But when we fail to convince others to accept our beliefs, we generally agree not to agree. We don’t enforce our beliefs, no matter how right we think they’re right. This attitude of tolerance – “live and let live” – is the basis for a free and democratic society. The Trinity Western ruling revealed a disturbing crack in this part of Canada’s bedrock. This deficiency, if left unchecked, allows for legal outcomes and social interactions that contradict the kind of democratic pluralism that the Charter seeks to protect.

That cornerstone of liberal democracy – robust tolerance – comes under further pressure in a legal battle between an LGBTQ group and a Catholic community in White Rock, British Columbia. The White Rock Pride Society asked for the Star of the Sea Parish event hall to be used for a 2019 fundraiser during Pride week. Star of the Sea declined because, in the opinion of the community, the proposed use of the space would contradict certain teachings of the Catholic Church.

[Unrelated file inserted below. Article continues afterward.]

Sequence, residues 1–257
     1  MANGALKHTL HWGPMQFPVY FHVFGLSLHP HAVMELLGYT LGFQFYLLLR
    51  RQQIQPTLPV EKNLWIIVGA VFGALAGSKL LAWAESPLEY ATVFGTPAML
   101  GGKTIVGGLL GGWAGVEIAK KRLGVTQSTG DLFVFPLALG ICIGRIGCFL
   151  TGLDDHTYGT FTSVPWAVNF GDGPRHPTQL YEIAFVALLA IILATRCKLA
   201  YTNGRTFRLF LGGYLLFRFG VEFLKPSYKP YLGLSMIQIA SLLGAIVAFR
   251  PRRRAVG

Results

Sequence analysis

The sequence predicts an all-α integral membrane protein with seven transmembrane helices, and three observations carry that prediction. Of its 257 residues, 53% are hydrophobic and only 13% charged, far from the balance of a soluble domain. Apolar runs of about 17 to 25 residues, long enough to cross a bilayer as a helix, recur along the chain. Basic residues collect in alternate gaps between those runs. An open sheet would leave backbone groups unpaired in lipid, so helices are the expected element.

As a Catholic denomination, Star of the Sea believes that marriage is the comprehensive and lifelong union of a man and a woman and that sexual intimacy can only occur within that union. The general attitude of the Catholic Church (as well as pride) on these issues is well known. White Rock Pride says Star of the Sea cannot enforce those beliefs when it rents the hall to the public, and denies the view that Pride events contradict Catholicism.

White Rock Pride filed a complaint under British Columbia’s Human Rights Code, a law that prohibits discrimination based on sexual orientation (and other grounds) in the provision of services to the public. If the community had a real, reasonable justification for rejecting White Rock Pride’s request to use the hall, the lawsuit will fail. The British Columbia Human Rights Tribunal, after being asked to dismiss the complaint for lack of prospect of success, ruled that it deserved a full hearing.